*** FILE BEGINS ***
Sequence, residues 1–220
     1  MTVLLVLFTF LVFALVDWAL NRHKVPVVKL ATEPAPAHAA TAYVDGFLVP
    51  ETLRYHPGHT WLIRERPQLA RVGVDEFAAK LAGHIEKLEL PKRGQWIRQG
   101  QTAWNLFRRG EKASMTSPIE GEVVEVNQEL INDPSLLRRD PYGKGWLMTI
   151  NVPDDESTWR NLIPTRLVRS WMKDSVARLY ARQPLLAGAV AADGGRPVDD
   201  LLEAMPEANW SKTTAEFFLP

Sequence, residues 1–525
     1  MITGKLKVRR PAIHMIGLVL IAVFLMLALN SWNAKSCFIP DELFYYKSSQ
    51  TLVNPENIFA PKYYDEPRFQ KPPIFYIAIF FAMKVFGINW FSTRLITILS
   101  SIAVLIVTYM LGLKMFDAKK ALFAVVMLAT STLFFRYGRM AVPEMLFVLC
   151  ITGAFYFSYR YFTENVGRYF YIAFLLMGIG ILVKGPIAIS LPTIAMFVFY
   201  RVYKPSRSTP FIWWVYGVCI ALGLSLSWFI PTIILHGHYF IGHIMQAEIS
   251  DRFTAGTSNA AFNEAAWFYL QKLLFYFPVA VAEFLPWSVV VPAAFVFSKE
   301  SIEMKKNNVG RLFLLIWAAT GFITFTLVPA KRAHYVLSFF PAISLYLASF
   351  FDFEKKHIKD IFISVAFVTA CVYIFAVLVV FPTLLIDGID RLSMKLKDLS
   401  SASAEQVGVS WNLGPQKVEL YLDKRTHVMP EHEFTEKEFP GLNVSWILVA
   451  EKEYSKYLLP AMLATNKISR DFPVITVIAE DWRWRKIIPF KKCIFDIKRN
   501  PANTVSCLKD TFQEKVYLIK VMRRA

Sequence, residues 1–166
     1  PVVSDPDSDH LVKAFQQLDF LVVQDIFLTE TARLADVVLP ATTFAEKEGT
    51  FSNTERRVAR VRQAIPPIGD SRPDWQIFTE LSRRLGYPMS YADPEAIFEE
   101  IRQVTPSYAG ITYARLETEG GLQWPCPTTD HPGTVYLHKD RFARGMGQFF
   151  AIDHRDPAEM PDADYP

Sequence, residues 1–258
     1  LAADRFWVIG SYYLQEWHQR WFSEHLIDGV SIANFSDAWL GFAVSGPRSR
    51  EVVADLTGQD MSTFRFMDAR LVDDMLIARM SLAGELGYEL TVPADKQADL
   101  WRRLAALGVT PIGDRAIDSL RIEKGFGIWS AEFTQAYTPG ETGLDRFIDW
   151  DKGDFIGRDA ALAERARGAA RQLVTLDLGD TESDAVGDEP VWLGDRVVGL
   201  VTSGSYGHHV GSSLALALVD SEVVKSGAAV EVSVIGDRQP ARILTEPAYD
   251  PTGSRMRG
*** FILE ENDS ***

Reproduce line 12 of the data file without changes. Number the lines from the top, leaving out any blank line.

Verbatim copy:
   201  RVYKPSRSTP FIWWVYGVCI ALGLSLSWFI PTIILHGHYF IGHIMQAEIS